From Texas to Singapore, Senior Walks Are the New Tradition That’s Inspiring the Next Generation of Students — and Their Teachers
This article is one in a series at The 74 that profiles the heroes, victories, success stories and random acts of kindness found at schools all across America. Read more of our recent inspiring profiles at The74Million.org/series/inspiring.
Some traditions associated with high school graduation, like the gown and mortarboard, are hundreds of years old, dating to the Middle Ages, while “Pomp and Circumstance” was first played at commencement ceremonies in the early 1900s. In recent years, however, a new tradition has been added at many schools — the senior walk.
The senior walk is part parade, part graduation procession and part walk down memory lane.
Schools and districts around the country are adopting the practice, which gives high school seniors the opportunity to visit their elementary and middle schools, often wearing their caps and gowns, to show younger students what lies ahead.
Cheered on by the younger students, the seniors often stop to hug former teachers and high-five elementary schoolers. There’s plenty of time for selfies, too.
The senior walk is meaningful for students of all ages as well as for the staff, said DeeDee Baker, a principal at Bill Hasse Elementary, a Title I, high-poverty school for pre-K through fifth grade in Alvin, Texas. Seniors from Alvin High School, which is fed by Hasse Elementary, visited the school on May 20 for the third annual senior walk.
“I think what my little kids get out of it … is really looking at a future and looking at these older kids saying, ‘That could be me,’” she said. “And it’s really important for especially my kids in a Title [I] school. A lot of them may or may not have family members that have made it through high school, and so it’s important that they have that goal of graduating from high school and really seeing that and having those kids be the role models.”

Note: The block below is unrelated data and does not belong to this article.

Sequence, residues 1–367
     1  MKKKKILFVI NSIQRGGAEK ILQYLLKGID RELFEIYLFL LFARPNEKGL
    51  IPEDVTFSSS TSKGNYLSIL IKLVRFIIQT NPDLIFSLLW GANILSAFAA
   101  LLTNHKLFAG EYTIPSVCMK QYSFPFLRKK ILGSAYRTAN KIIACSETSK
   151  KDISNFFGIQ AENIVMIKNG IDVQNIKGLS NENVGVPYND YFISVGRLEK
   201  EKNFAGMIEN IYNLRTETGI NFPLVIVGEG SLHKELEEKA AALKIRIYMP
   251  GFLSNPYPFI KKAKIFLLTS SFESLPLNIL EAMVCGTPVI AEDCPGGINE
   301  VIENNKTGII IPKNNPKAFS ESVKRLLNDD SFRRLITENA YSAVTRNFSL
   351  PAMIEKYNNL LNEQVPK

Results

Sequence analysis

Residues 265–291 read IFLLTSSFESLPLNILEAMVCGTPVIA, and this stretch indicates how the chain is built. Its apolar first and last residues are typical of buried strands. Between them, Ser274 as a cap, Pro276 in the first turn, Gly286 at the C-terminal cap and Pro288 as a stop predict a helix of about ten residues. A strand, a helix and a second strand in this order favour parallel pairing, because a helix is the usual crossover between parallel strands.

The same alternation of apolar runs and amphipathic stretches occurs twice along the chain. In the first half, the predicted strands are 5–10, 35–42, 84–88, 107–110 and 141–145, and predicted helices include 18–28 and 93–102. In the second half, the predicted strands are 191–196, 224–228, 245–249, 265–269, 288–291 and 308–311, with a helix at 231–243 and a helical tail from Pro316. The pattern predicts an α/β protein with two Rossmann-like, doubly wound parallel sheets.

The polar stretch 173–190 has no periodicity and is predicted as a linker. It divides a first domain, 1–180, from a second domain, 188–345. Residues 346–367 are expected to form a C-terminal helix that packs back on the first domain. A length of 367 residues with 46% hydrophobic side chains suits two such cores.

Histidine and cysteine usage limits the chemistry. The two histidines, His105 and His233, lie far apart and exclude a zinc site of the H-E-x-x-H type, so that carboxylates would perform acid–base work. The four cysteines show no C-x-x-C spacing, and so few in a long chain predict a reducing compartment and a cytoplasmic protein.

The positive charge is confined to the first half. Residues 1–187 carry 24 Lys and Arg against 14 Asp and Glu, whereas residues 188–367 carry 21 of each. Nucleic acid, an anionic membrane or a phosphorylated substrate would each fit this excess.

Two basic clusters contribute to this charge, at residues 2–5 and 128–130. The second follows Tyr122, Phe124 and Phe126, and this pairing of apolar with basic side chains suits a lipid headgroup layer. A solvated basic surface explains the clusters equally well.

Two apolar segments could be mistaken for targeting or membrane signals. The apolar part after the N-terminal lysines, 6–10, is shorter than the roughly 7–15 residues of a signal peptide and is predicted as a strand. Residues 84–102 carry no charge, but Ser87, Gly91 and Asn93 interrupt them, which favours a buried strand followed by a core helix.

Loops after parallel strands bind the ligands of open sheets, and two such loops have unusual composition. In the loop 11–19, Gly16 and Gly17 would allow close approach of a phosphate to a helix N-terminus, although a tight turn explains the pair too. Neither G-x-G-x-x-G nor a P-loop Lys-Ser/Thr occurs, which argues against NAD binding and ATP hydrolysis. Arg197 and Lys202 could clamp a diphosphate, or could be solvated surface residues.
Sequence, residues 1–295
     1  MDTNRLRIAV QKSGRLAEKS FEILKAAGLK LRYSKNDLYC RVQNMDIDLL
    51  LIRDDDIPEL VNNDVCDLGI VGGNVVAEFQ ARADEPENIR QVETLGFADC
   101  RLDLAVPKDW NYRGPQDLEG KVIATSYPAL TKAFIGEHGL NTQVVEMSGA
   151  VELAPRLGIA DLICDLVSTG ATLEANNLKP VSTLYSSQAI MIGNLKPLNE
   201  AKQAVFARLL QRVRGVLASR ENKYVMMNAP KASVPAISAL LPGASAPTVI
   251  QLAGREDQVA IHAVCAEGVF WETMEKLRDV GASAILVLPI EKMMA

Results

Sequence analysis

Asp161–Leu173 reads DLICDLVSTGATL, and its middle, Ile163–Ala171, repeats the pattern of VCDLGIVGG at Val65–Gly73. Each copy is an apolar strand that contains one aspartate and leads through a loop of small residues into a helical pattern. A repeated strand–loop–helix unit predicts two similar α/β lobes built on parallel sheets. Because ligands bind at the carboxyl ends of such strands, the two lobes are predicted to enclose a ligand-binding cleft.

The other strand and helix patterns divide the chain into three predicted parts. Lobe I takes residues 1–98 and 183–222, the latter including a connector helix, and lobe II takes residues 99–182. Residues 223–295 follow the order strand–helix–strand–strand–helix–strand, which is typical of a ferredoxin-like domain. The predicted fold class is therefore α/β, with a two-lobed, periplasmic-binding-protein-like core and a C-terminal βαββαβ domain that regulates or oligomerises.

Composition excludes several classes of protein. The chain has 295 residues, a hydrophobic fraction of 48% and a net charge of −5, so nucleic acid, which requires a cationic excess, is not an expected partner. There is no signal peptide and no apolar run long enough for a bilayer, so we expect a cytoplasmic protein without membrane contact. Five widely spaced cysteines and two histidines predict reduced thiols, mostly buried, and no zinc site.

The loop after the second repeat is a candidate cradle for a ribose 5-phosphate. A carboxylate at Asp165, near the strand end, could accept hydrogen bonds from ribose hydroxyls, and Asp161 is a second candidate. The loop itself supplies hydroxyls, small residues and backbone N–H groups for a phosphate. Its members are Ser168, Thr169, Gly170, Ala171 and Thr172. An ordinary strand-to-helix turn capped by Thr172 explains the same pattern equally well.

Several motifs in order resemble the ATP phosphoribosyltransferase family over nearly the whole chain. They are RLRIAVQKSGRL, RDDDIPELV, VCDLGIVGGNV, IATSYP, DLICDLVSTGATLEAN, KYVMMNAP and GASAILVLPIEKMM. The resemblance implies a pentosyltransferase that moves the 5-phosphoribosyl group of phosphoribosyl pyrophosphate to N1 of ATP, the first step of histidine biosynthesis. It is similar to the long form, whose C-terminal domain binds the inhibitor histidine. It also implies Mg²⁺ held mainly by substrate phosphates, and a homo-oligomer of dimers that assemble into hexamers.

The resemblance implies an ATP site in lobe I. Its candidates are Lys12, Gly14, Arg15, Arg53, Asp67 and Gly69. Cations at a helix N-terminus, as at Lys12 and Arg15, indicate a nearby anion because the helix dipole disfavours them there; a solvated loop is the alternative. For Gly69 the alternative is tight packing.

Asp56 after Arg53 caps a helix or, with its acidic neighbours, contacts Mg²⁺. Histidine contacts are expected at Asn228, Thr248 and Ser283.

This year a graduate of Hasse was named valedictorian of the senior class, which made the moment extra special for educators who had taught her as an elementary schooler.
“It’s a reminder for us to see where these kids can go and how far they can go,” and it inspires educators to keep up their hard work, she said.
And for the graduating seniors, there are “a lot of tears,” Baker said. It’s a chance for former students to look back and remember “all the hard work that they’ve done and the people that have been there for them and with them,” she added.
Baker said the principals in Alvin got the idea after they saw photos from a senior walk in another district shared on social media. Now, schools across the U.S. and as far as Singapore are having their own celebrations.
Zachary Moore, the salutatorian of his graduating class at McAllen Memorial High School in Texas, gave his younger counterparts much to shoot for during the district’s fourth annual senior walk on May 22. He is headed to Harvard University in the fall and was definitely feeling wistful, The Monitor reported.
“It feels like it’s only been a blink of an eye, when we were just in their shoes, and to be an inspiration to them is amazing,” Moore said.
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